The Middle Ages is the period most famous for terror today, primarily the Western European Middle Ages. The "dark Middle Ages" image prevails among a large part of the population, where the walls have ears, and nothing can be said against the government. The opposite was often followed by a severe form of torture and death.
But was it really so? Let us dig into the most famous medieval torture devices.
The Most Famous Medieval Torture Devices
The Middle Ages were a fruitful period in human history regarding the frequency of use of torture devices and the imagination with which they were made.
But while most people first think of diabolical devices like the Iron Maiden, whose historical authenticity is still debated, the reality is different. For the most part, the methods and medieval torture devices used were essentially simple and economical. Why invest big money in making a complex device like an iron maiden that requires a skilled engineer and a lot of expensive iron, when a more uncomplicated and more affordable device made of wood, or using a single knife could have an equally good, if not better, effect.
But this does not mean that the medieval torture devices used were utterly devoid of a kind of extravagance, and some of these methods were used not only to torture prisoners but also to organize a public spectacle to thwart possible criminals and to show power and domination.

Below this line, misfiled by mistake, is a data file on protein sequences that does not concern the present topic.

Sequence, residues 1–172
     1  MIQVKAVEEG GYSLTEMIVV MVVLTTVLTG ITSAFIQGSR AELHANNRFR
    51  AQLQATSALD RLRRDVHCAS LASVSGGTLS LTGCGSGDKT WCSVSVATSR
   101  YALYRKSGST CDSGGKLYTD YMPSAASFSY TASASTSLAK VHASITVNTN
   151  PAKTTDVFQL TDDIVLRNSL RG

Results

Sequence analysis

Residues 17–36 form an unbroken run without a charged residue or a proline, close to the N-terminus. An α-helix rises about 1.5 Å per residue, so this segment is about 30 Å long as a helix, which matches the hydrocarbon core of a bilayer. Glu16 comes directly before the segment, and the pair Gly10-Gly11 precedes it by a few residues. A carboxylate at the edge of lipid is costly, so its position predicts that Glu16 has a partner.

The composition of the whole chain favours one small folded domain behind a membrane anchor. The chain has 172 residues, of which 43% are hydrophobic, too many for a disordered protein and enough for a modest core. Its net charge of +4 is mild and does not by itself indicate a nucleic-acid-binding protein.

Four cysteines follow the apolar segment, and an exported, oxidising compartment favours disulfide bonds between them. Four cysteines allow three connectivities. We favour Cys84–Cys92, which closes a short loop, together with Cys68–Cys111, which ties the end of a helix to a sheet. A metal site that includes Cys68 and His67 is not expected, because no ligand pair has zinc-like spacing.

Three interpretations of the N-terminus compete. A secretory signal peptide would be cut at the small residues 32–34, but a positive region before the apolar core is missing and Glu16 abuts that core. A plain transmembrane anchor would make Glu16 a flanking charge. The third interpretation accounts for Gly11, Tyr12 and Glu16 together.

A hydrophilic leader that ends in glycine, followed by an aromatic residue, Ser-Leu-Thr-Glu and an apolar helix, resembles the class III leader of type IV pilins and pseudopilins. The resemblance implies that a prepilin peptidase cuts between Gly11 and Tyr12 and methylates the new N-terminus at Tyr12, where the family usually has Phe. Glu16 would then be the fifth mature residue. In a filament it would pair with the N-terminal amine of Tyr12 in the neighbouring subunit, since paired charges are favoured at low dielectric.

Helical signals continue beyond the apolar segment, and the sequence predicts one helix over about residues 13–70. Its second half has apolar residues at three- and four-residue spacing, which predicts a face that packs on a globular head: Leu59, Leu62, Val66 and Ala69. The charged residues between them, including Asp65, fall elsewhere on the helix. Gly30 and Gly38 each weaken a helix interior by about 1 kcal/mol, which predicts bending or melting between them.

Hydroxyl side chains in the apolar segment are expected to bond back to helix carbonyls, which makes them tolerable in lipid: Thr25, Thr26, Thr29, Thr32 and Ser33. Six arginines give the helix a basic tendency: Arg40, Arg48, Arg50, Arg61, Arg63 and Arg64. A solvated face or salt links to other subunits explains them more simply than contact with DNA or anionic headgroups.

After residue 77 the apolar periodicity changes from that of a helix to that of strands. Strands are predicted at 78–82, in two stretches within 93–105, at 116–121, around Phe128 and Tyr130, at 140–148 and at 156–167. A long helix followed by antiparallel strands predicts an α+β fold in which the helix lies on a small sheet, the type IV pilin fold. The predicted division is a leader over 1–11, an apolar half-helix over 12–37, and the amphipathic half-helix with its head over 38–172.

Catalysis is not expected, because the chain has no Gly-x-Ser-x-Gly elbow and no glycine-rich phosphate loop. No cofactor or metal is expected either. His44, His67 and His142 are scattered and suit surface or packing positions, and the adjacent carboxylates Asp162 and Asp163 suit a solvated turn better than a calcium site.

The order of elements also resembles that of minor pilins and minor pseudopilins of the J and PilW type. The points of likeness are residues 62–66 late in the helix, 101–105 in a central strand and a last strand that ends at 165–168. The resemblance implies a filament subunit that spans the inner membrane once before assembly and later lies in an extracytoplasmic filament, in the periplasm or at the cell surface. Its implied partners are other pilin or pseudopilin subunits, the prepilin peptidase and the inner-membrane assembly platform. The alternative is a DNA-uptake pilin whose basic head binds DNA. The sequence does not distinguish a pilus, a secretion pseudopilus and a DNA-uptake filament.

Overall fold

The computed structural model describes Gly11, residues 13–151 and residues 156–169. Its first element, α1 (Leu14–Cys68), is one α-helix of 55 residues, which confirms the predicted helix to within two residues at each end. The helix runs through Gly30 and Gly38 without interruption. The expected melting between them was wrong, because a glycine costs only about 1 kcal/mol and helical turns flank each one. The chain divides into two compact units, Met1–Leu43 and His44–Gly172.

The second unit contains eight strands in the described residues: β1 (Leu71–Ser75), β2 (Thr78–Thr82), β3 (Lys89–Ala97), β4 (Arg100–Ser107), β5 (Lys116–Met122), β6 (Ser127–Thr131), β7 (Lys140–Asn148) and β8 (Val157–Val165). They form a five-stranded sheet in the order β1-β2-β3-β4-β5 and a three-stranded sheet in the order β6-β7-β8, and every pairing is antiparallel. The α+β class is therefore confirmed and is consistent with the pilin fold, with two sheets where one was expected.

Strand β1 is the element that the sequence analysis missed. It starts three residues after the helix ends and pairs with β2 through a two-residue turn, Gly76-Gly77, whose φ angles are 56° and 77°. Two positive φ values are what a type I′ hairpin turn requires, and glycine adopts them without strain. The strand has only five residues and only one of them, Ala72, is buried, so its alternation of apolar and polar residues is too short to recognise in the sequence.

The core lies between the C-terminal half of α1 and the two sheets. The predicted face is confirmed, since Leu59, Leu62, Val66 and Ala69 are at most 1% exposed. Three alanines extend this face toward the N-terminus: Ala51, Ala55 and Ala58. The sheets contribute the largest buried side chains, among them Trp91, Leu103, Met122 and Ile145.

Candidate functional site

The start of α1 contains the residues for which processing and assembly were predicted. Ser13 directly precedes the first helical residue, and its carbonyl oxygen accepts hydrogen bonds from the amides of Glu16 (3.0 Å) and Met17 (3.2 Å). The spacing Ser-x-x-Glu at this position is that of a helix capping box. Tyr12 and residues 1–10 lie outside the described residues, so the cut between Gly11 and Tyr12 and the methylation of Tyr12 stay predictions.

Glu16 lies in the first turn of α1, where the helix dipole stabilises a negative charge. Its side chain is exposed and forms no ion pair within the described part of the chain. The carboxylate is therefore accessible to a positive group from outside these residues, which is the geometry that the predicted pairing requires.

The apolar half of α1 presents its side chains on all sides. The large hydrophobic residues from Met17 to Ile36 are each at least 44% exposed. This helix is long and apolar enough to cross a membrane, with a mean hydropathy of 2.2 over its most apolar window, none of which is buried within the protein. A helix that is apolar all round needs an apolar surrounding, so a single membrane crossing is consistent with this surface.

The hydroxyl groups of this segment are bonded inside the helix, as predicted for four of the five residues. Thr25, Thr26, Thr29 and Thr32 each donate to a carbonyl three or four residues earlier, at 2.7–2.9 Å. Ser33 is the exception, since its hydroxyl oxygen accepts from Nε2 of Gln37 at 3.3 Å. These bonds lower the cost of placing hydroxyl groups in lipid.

Medieval torture devices were numerous and varied throughout the Middle Ages and early modern times, but we focus on the nine most famous devices and how they were used.
1. The Rack
The rack was one of the most commonly used medieval torture devices and a frequent guest of most medieval dungeons. The rack was composed mainly of wood for the economy and less often of iron and had to have one roller at its end or two rollers at both ends. The victim would be attached to the rack and using a pulley, the roller would rotate, and the victim's limbs would be stretched, causing pain and damage to the victim's limbs.
The rack allowed many variations on the theme, and often there was psychological torture of prisoners that would force them to watch the rack in action, which often led to confessions without the rack being used on its own. Once attached to this medieval torture device, prisoners could be tortured by burning their skin with a hot iron or torch or pulling their nails out.